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Stephanie Doney, 10 (clockwise from left), Teagan Bradley, 10, and Clara Doney, 7, take a break from a popular parachute activity offered by Lutheran Family Services of Virginia’s Essential Pieces social groups. The groups provide activities for children on the autism spectrum and their “neurotypical” siblings, while their parents attend education sessions.

very first sessions, both the congregation and LFS knew they were filling a need.

Essential Pieces is “a network, a massive safety net … an educational group, not a support group,” Thomas said. “People are attracted to that positive energy. In a support group, you can be emotionally stuck.” With the program, parents don’t have to go to different places to get information, Thomas said. “In [our city], I wouldn’t have known that people knew about feeding or sensory issues,” she said. “LFS helped put [all the infor- mation] in one place.”

Expanding the program In January 2012, LFS replicated the program at St. Paul Lutheran Church, Hampton, Va., and Trinity, a Lutheran Church–Mis- souri Synod congregation in Richmond, Va. The Hampton program is so popular it has a waiting list.

Christine L. Farrow, pastor of St. Paul and the mother of two teenagers with autism, had been begging LFS executive director Julie Swanson for help for some time. Today there are more than enough resources, Farrow said.

Farrow asks congregations to consider what they are doing to help families whose children have special needs. Programs like Essential Pieces, she said, are “an opportunity to serve our neighbors and love people for who they are.”

Compliments are already pouring in from parents. “There are limited resources and help for special needs children,” said Laura Lenz, mother of Chad and the founder of the Peninsula School for Autism, Newport News, Va. Lenz calls

Essential Pieces “phenomenal,” “very structured” and “a godsend to this area for families with special needs.” Nicole Pangle, mother of Matty, 5, diagnosed three years ago, calls autism “a difficult road to navigate. … You need a road map.” She got that road map of therapies and treatments through Essential Pieces. She now serves as a volunteer parent coordinator for the program. Although Maureen Adingono, a speech therapist and mother of three, once worked in a psychiatric hospital, she had difficulty finding information after her daughter, Lydie, 5, was diagnosed with autism in 2011. The pro- gram gave her community resources, parenting strategies and even information about how the brain works.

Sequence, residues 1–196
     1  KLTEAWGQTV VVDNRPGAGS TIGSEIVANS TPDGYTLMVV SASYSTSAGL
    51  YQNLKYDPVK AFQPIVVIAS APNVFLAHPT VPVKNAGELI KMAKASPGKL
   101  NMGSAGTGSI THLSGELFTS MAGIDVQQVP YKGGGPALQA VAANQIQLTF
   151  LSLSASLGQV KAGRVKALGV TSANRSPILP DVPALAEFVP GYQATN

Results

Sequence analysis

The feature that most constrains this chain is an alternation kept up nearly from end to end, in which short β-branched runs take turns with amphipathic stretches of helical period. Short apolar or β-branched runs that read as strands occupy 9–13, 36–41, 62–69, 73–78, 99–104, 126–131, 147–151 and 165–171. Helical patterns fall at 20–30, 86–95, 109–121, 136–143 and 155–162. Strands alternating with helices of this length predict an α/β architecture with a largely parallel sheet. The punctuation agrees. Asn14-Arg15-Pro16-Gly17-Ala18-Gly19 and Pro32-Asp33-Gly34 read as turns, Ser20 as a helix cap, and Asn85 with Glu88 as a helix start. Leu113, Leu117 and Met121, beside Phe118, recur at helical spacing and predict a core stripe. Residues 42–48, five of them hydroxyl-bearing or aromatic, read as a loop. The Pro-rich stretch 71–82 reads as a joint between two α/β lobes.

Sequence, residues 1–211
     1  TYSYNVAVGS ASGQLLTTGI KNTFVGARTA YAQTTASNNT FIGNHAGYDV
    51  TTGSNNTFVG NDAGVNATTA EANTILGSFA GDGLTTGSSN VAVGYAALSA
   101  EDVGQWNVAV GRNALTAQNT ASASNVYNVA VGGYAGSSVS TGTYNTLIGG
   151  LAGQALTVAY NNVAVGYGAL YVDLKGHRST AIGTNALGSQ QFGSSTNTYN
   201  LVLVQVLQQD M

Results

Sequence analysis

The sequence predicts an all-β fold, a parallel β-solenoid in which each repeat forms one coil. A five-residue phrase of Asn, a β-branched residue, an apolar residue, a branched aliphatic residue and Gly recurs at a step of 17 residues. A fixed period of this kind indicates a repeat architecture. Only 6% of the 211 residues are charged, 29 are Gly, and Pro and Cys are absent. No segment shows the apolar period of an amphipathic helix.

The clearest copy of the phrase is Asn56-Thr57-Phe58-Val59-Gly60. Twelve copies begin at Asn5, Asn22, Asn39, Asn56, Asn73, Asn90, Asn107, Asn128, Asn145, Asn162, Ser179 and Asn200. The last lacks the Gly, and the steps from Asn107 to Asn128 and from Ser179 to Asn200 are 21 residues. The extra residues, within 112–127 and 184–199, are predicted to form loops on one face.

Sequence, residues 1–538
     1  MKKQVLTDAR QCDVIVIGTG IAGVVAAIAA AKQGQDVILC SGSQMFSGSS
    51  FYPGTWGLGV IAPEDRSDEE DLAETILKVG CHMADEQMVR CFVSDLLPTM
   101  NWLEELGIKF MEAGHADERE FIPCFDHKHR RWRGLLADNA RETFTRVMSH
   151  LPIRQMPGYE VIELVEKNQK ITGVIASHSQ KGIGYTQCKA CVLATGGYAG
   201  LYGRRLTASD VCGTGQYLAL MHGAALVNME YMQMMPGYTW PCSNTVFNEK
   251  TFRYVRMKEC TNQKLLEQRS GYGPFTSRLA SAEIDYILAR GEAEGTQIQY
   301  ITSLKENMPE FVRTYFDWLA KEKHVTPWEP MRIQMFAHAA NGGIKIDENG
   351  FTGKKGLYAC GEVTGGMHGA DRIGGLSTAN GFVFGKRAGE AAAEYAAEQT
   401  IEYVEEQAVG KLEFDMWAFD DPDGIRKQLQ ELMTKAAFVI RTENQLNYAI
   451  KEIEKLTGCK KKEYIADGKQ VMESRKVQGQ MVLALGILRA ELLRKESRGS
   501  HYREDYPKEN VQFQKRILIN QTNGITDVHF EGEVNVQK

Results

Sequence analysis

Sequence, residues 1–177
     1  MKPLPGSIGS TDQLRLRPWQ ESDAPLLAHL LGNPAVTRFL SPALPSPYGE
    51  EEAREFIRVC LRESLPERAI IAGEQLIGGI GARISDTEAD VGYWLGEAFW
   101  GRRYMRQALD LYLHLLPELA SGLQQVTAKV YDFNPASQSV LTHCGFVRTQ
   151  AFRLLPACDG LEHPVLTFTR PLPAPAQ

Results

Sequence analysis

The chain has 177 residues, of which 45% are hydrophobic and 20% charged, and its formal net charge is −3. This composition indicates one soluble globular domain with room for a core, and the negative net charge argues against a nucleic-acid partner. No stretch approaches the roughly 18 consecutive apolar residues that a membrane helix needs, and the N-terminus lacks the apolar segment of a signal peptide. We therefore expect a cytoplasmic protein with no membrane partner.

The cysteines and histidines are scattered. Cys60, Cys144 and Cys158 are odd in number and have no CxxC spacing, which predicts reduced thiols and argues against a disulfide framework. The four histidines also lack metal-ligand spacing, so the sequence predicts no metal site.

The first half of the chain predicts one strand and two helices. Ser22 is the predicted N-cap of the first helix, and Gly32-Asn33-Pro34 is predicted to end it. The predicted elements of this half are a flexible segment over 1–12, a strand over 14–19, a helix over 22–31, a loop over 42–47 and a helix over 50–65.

‘No end to the need’

Out of one family’s need T

he first few months of Reeve Thomas’ life were filled with smiles, coos and giggles. But as his parents Emily and Bob Thomas watched, their firstborn became increasingly lethargic. He struggled to reach developmental milestones. Test after test could not tell them why. A few months after his first birthday, he stopped using words.

On Jan. 18, 2005, Bob came home from work and it appeared that his almost 2-year-old son no longer recognized him. Two weeks later, Reeve was diagnosed with autism.

Everything changed. Chronic stress and anxiety threatened to overwhelm the family. But Emily, who had worked with children on the autism spectrum, turned her family’s need for information and a community of care into help- ing create Essential Pieces, an educational pro- gram of Lutheran Family Services of Virginia. “A lot of the things that God calls us to do are the difficult things,” Emily said.

Thomas still keeps an eye on the program although she and Reeve have taken a break from participation. After years of early intervention, Reeve, 9, is doing well and actively participating in such activities as Grace’s Sunday school, choir and Cub Scouts. She and her husband, Bob, a structural engineer, have a younger son, Will, who is also a Cub Scout and church acolyte. “Reeve is now function- ing pretty well, but we have our moments,” she said. For example, when a storm came up on a family camping trip, he “couldn’t cope,” she said, adding that others around them were shocked by what appeared to be misbehavior. “To not be able to communi- cate with your child effectively is emotionally draining,” she said. “He is getting straight As, playing tennis. He has a foot in both worlds. [Yet] if he is hav- ing a problem, I have no idea. He just doesn’t tell me.” There is no end to the need,

Swanson said. “[But] as a faith-based nonprofit, we do programs that wouldn’t be there [otherwise],” she added. As for the families, parent

Carole Todd

Todd is communications coordinator for Lutheran Family Services of Virginia.

Kathy Wood of Winchester said, “we gain knowledge, power and love.” 

May 2012 17

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